I think it is important to note that Hart is the one who said, "we can't get 'em all"... And that was sort of always Hart's attitude about the whole thing. I would presume that Rust's fleeing of the hospital meant that he is probably jumping right back into the case and trying to track down the other people involved.
I don't think that part of the story was contrary to what we had grown to expect.
There's no doubt Pizzolatto was working with some really deep themes that delved into the annals of strange fiction dating all the way back to the 1800s. Even in the show's final showdown between Rust and Errol, Errol said, "Take off your mask," which is a clear reference to all of the other weird Robert Chambers stuff he used over the course of the show.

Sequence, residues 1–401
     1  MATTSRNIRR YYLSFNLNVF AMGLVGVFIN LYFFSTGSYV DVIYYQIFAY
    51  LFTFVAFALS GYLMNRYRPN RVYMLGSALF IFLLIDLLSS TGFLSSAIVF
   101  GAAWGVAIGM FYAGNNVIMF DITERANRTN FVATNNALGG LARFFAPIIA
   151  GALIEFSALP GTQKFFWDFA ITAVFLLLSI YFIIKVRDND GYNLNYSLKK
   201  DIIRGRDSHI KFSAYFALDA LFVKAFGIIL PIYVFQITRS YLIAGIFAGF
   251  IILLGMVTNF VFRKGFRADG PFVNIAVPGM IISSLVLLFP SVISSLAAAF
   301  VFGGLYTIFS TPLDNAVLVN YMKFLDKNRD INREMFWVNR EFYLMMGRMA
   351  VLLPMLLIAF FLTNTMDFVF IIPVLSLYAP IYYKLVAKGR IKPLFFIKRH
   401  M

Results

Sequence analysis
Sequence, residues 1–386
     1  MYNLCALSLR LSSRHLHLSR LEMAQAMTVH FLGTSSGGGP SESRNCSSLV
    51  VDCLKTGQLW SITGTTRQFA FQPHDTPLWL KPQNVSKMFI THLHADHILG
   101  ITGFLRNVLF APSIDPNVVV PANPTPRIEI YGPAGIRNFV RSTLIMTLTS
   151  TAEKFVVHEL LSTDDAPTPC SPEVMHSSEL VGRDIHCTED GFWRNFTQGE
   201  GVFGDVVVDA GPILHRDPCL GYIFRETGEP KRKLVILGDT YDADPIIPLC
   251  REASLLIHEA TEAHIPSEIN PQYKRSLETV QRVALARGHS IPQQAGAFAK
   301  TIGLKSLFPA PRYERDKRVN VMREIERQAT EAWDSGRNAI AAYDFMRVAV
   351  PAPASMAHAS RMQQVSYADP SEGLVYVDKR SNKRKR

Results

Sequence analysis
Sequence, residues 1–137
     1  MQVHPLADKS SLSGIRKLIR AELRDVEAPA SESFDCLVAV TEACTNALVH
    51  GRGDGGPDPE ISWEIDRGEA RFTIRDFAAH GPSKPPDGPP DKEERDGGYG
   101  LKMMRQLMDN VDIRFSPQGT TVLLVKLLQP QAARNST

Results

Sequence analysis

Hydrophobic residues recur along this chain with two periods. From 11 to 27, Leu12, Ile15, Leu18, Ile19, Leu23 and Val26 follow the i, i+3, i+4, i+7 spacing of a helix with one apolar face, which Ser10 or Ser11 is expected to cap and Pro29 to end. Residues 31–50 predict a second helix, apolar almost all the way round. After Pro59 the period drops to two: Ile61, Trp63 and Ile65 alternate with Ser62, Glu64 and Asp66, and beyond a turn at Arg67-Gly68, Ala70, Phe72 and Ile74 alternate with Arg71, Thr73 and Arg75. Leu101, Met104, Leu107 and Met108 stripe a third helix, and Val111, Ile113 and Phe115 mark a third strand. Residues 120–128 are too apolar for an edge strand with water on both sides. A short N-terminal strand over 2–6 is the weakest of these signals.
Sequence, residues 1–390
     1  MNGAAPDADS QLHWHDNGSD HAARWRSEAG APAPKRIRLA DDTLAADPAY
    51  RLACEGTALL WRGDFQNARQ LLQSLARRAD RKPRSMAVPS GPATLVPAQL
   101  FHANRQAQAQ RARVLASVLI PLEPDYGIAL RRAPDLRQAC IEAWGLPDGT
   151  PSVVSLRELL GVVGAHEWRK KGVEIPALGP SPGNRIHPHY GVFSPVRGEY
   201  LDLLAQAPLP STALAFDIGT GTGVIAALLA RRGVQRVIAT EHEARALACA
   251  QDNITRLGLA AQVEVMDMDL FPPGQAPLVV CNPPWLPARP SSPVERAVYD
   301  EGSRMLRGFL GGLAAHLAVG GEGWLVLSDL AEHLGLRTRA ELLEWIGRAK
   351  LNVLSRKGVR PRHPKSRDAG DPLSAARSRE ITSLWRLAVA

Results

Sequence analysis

The depth was there... where people ended up being wrong was that the supernatural stuff didn't interfere with the actual narrative of these two guys searching for a killer(s). And, I was actually glad about that. I think keeping all of that stuff in the background as a dual narrative was the right approach.
And, listen... we can all sit here and b!tch and moan, but I thought it was a pretty great achievement for 10 episode season. No, the ending didn't quite live up to the first five episodes, but hey... that was a pretty high standard with the greatness of the show's start. And, trying to tie things up in so few episodes was always going to be difficult.
That's why I thought the easiest way out was just to kill Rust and Marty. Things seemed set up for that to happen... Pizzolatto decided to go in a different direction and I don't really have any complaints. It was an incredibly entertaining season and it had such a passionate following, an obscure book of short stories from the 1800s made it onto the freaking Top 10 Best Sellers list.